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Other options for tree containers could be Talavera which is ethic and bold bright colors, concrete when you donít want to have to re-pot in a few years and need durability or if weight is an issue then you must go with Poly Resin. This is a lightweight product that comes in 32 colors and huge sizes that are easy to move and relocate.

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Some varieties of trees that pot up well are Dwarf Fig, Olive, Japanese Maple or Bay Trees.  We love dwarf conifers that are trimmed into topiary and stay green all season long without dropping leaves or fruit.  Go to your local nursery or garden center and talk with the staff.  Better yet browse the potted tree section and look at the different varieties and find the one that fits your fancy. Read the tree tag and give it a go if it seems like a good fit.

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The main thing to remember is that it IS possible to have potted trees around your home, patio, balcony or yard and it IS easy to do.  Have fun enjoy the process and your planted tree container will give you many years of enjoyment.


[Read More] Drought Tolerant Potted Annuals
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potted trees, large potted trees, large pots with trees, trees potted, trees in large flowerpots



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Post Last Updated: 2/19/2019 2:29:52 PM 

Valentine Plants to Pot



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Valentines Unusual Plants to Pot Up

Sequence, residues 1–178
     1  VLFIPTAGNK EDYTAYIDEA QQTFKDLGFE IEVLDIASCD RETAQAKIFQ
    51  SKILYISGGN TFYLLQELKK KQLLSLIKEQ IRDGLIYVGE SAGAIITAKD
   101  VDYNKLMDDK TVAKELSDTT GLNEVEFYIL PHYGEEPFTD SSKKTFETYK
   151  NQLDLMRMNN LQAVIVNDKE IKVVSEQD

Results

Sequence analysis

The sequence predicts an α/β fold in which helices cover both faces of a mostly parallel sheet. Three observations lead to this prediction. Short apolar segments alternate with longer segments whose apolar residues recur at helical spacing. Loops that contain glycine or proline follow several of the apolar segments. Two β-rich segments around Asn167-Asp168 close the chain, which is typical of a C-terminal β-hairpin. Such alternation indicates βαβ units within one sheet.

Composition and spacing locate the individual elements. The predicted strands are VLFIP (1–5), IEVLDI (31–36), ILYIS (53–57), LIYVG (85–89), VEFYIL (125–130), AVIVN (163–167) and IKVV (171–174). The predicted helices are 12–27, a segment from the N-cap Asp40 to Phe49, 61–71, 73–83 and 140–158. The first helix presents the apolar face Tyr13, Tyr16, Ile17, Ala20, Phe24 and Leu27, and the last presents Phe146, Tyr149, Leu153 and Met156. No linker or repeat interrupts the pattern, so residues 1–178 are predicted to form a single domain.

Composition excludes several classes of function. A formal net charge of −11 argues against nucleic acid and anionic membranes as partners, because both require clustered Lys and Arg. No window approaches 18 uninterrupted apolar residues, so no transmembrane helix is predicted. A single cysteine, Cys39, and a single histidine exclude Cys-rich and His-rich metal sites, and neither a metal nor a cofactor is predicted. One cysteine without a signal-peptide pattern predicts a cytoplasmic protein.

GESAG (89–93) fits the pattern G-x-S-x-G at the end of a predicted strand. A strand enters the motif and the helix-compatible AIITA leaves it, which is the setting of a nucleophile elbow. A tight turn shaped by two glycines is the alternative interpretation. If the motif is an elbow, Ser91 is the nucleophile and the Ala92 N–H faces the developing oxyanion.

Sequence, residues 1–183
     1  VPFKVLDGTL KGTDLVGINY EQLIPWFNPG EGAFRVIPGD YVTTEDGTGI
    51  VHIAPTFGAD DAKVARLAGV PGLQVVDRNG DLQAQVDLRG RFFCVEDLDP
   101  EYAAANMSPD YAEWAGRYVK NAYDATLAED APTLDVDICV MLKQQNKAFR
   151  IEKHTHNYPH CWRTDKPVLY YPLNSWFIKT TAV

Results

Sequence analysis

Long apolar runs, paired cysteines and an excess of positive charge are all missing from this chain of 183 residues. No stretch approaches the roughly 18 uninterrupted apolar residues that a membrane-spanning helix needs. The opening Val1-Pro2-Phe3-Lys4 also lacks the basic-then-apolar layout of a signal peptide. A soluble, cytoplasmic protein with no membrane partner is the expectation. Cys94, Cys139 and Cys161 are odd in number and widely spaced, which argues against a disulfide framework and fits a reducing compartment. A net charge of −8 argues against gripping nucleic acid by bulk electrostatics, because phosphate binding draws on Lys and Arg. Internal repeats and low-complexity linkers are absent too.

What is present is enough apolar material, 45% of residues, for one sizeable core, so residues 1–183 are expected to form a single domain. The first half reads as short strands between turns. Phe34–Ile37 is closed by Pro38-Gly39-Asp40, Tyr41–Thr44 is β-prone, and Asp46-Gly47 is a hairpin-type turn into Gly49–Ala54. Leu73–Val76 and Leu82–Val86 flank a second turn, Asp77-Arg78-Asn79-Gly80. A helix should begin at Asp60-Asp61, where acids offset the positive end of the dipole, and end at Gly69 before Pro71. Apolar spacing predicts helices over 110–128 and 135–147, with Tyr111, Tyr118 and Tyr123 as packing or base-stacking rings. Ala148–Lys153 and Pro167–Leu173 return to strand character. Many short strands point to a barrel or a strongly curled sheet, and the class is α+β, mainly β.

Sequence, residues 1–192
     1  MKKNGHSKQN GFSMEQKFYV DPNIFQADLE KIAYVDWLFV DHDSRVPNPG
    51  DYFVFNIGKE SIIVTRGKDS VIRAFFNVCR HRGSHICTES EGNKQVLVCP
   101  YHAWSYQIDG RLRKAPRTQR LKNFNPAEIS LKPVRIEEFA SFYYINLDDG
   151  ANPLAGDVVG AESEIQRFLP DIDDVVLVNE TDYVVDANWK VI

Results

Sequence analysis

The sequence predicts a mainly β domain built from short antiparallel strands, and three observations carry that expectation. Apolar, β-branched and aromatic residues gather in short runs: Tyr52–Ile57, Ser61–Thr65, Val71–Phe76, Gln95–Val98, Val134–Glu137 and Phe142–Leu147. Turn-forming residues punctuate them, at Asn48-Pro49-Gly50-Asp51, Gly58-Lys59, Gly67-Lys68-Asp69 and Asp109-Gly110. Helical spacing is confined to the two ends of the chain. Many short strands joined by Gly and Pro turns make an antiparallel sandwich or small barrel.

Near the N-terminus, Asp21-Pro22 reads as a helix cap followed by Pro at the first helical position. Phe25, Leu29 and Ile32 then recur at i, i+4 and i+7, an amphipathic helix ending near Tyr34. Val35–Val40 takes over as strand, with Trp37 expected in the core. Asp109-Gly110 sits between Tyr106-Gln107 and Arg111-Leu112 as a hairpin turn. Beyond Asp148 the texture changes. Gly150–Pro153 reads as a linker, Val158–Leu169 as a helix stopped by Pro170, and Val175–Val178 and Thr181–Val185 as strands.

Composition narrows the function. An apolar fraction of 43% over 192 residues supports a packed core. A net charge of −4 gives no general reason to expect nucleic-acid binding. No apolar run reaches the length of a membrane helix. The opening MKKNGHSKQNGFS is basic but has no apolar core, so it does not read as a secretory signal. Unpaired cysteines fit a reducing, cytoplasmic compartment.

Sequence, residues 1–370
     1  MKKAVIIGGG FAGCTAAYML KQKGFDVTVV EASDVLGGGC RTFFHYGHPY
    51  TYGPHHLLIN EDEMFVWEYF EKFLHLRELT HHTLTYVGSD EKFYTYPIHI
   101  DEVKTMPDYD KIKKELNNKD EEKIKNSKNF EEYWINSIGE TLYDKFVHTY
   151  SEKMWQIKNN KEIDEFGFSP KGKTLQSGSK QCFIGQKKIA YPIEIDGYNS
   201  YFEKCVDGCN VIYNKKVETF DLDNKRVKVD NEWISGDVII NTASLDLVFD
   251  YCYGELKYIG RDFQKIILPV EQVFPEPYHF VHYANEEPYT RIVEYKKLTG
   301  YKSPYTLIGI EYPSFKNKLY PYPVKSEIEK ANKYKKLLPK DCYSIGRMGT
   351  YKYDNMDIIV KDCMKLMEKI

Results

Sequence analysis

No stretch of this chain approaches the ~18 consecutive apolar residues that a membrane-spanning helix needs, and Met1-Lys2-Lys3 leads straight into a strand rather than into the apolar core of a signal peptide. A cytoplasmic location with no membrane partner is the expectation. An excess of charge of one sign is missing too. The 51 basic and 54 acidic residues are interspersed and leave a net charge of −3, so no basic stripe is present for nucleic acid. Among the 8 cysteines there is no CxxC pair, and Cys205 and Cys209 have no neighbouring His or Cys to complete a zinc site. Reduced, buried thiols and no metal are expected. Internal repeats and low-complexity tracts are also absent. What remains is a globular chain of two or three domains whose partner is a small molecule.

There are so many unusual plants out there that will make unusual Valentineís Day gifts so we thought we would list a few.

* Bundle of Love Rose Plant
* Sweet Heart Bamboo
* Classing Budding Rose
* Hoya Heart
* Heart Ferns
* Lavish Lavender Rose
* Anthuriums

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Most of these plants listed can be potted in bold bright red containers or precious pure white planters and make an easy and loving gift for those special folk in your life.  We recommend that you visit your local garden center or nursery and purchase the plants first.  Then figure out what size of decorative pot you will be able to drop the grow pot into. This way you wonít have to re-pot the plant just drop it inside the lovely garden container.  Then add a bow and bam! The perfect personalized and jazzed up Valentineís Day gift.

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We love Hoya heart succulent.  It is small and perfectly formed to love like a heart.  Right now, succulents are so popular that everyone, boy or girl, young or old will love these.   Since they are usually pretty small you wonít need a very big container which saves on space and money.

Heart Ferns are dwarf plants with waxy glossy heart-shaped leaves on think black stems.  If you donít want to place it in a terrarium them place the pot in a steamy bathroom because these types of potted houseplants really need humidity.